Large fabric structures have generally been thought of as those that have a fabric surface area greater than 1000 square metres. These structures may be described as single surfaces or panels in the form of one of the classic hypars, barrel vaults, cones, panels with single or crossing arches - or a combination.
Larger fabric structures can also be made from several modules or panels of similar forms to build up a substantial sized structure. The multiple panels might be arranged in a linear layout, or in a circular or oval pattern commonly found in stadia roofs. The boundaries are defined structurally and geometrically by straight or curved elements such as arches, edge beams and cables. The prestress forces from adjacent panels often counterbalance and the more efficient structures have a larger degree of symmetry and continuity such as a complete "bicycle wheel" for the roof a major sports stadium.
and some more projects
The following articles are in random order:
Mumbai Arrival Plaza
Entrant: MakMax Australia – Designer
Location: Mumbai International Airport – India
Client: Mumbai International Airport Limited
Struct. Eng.: MakMax Australia
Others: Mahimtura Consultants
Builder: Mumbai International Airport Limited
Fabricator: MakMax Australia
APPLICATION OF PROJECT:
Zoo Enclosure for Sumatran Tigers.
The Sumatran Tiger Enclosure at Taronga Zoo consists of three separate enclosures.
Enclosure 1 and 3 are free form tensile roof canopies constructed from X-Tend Mesh.
X-Tend Mesh effectively acts as a tensioned cable net structure.
The mesh is tied to catenary cable boundaries connected to masts with tieback cables and is pushed / pulled up with 4 flying masts in each enclosure.
The flying masts are supported on a structural cable net that is attached to a large central mast and tied back to the perimeter masts structures.
On these two enclosures, there are also free form tensioned X-Tend Mesh walls that are suspended from the X-Tend Mesh roof structure and tied to the ground or to other viewing and husbandry buildings projecting into the enclosures.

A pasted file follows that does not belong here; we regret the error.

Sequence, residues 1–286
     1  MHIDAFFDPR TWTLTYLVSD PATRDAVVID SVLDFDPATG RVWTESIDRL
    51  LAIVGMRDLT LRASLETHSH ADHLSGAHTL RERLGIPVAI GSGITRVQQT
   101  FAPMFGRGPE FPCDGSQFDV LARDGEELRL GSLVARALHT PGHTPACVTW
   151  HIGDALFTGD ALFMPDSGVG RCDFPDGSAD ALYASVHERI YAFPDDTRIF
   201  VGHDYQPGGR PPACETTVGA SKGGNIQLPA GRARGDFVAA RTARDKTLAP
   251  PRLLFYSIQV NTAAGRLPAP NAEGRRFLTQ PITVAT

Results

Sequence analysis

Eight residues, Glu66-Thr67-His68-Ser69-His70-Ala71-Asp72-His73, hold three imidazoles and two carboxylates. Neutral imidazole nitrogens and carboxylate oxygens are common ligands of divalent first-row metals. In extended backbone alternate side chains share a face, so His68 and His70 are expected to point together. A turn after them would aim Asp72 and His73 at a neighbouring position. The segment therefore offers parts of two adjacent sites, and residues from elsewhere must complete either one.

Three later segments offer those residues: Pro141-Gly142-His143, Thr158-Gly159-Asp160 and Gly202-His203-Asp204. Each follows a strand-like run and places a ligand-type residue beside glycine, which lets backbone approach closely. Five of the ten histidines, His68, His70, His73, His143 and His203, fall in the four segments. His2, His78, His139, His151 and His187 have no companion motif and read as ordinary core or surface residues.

Entrant: Global Fabric Structures (UFS)
• Category: 4 ID Number: 3301
• Location: Sydney
• Client: Thiess Australia
• Completion Date: December 2012
• Structural Engineer: Wade Design Engineers
• Fabricator: Global Fabric Structures
• Installer: Global Fabric Structures
APPLICATION OF PROJECT: Environmental Remediation
The former HMAS Platypus site is nestled below the suburb of Neutral Bay, Sydney Australia on a quiet harbour inlet.
This site has been an integral part of the history of Sydney Harbour since the early 1800's. A gasworks, a workshop for servicing torpedoes and a base for Australian Submarines have a left a contaminated industrial site that is excavated out of sandstone and spread over several levels.
The site has an area of approximately 1.8 hectares and includes 11 buildings and structures, some of which are of heritage significance. The soils, bedrock and groundwater on the site are contaminated, predominately related to the former gas works operations.
The Sydney Harbour Federation Trust acquired HMAS Platypus in 2005 and has commenced the restoration, for the enjoyment of present and future generations to enjoy the history, heritage and harbourside location.